The Hot Spring:
At Ahalanui Warm Spring ground water heated by the Kilauea volcano seeps out of the basalt lava flows next to the ocean. The spring itself and the area around the spring is completely developed. The spring has been turned into a large concrete swimming pool with concrete sides, stairs, and a concrete wall protecting the pool from the ocean but also allowing the salt water to enter and mix with the fresh hot water. On the inland side of the pool and along parts of the bottom of the pool the basalt lava flow is exposed where the warm water is flowing out of cracks. The pools varies in temperature greatly from the inland side where it is just under 100 degrees F and near the ocean where the salt water and fresh water can mix bringing the temperature as low as 80 degrees F depending on the tide. The depth of the pool also changes with the tide varying from 8 feet deep to only 2 feet deep.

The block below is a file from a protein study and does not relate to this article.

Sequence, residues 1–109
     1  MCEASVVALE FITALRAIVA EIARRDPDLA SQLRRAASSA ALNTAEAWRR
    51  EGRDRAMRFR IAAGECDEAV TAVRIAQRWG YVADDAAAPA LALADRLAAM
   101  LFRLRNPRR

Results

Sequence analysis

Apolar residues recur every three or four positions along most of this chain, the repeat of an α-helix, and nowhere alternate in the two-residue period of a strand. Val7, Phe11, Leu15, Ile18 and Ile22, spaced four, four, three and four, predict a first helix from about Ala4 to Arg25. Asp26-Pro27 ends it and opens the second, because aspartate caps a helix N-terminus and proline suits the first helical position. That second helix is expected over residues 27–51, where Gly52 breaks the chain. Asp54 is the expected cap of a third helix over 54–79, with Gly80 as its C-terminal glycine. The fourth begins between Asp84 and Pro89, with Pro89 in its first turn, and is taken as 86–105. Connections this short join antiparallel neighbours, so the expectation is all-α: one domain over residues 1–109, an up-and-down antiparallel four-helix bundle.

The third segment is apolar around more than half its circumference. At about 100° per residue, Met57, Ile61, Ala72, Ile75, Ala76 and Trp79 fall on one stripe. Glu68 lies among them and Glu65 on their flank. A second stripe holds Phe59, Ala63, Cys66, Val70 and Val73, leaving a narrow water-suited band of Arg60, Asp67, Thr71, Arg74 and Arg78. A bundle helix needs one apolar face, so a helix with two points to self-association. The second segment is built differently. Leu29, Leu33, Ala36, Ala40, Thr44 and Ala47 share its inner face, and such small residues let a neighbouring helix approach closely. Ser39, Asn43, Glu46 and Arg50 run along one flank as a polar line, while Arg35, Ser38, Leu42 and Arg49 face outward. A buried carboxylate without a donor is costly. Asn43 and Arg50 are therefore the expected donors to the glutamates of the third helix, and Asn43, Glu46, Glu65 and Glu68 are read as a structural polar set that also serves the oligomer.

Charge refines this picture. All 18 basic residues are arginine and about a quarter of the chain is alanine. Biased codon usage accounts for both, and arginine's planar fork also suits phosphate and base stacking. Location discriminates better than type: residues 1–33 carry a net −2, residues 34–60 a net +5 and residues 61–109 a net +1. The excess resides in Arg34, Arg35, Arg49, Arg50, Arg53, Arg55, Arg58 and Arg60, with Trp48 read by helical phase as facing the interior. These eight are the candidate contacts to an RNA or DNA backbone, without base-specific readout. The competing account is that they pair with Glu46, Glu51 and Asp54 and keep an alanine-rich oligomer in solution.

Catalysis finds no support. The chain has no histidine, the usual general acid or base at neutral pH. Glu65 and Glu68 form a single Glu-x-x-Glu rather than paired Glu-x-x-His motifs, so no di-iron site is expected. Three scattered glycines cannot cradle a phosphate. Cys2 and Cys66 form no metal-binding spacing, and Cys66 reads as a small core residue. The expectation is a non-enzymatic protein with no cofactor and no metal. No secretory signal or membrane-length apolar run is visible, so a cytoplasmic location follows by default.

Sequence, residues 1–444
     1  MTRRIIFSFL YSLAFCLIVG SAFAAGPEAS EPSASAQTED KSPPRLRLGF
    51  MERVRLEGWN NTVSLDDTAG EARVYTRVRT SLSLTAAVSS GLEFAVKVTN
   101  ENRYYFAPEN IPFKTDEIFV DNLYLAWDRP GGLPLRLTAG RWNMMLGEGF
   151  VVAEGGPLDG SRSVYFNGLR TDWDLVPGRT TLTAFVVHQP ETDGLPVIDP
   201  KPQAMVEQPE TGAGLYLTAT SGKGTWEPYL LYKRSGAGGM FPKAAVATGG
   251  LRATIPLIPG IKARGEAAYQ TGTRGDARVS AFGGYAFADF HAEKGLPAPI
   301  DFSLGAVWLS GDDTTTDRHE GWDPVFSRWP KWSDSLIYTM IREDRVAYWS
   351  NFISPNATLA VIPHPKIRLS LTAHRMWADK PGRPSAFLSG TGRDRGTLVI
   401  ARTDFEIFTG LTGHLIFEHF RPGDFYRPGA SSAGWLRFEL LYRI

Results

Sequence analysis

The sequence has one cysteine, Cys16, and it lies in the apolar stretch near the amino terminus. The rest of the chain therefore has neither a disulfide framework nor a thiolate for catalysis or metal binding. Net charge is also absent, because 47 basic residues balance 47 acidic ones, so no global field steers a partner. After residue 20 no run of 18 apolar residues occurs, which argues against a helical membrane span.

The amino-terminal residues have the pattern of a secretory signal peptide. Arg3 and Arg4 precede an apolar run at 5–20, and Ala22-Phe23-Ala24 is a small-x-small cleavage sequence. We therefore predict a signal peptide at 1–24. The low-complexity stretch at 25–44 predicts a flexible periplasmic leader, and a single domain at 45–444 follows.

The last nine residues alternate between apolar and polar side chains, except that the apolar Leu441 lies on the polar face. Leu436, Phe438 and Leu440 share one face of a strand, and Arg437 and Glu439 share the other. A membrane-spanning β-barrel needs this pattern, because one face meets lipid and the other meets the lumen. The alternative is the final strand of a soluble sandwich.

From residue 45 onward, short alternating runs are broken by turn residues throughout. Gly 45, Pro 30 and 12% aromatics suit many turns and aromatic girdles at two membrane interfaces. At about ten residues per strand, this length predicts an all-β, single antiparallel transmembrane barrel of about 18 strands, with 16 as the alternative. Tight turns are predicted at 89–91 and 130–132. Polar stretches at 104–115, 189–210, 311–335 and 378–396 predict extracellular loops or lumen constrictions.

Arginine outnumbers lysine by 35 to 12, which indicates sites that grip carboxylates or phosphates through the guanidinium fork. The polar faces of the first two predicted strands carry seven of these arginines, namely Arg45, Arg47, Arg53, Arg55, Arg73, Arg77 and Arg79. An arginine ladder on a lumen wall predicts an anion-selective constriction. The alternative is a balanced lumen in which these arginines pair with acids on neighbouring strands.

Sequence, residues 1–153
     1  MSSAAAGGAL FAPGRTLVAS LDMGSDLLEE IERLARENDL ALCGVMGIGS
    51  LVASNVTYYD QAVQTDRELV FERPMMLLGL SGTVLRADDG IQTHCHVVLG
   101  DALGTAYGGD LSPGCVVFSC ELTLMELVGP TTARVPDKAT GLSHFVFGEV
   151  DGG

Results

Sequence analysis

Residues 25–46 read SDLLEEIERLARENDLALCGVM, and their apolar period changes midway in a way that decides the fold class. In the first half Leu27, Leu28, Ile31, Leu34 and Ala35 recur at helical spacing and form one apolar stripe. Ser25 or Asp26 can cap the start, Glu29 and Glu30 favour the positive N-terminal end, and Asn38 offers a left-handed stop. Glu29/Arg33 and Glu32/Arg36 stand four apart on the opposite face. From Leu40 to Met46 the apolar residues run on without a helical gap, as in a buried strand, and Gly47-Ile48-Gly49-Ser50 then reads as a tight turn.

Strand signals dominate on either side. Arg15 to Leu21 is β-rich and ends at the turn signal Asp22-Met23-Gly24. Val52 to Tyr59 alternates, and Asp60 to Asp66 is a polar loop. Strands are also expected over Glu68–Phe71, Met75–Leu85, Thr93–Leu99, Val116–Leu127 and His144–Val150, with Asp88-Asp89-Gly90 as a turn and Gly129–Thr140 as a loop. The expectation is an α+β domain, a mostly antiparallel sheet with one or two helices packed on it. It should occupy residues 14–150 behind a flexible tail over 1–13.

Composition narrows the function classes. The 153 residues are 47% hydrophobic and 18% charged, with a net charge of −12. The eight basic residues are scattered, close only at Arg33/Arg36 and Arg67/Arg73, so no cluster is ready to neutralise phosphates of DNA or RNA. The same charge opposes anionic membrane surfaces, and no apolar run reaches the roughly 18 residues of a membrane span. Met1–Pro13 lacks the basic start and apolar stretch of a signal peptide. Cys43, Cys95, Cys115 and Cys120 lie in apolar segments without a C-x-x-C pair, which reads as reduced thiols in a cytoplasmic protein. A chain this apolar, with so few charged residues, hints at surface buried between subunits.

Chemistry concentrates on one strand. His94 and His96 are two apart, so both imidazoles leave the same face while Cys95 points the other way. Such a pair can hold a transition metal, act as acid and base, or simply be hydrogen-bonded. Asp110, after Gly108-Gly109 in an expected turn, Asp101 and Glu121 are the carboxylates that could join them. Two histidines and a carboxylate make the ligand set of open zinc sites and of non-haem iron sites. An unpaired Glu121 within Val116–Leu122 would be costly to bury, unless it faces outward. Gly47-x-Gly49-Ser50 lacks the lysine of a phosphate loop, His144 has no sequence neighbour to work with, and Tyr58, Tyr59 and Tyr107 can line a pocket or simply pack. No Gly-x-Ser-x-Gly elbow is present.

Ahalanui is part of the Isaac Hale Beach Park and is managed by the Department of Parks and Recreation. A large parking lot is built with concrete walkways, bathrooms, showers, picnic areas with barbecues, and there is even a lifeguard for the pool. Because it is part of a park it operates with park hours and is open only from 7am to 7pm. Other restrictions include no alcohol, dogs, or unattended children. This pool is also well known by the locals of the Big Island and it does not have a good reputation. It is very popular with large families that have a lot of kids, so many people said the water was dirty with piss from all the kids. When I visited there were very few people and the water felt relatively clean. I think the flow and tidal changes are large enough that the pool gets completely flushed out relatively quickly so the dirtiness of the water depends on how many people are currently at the park.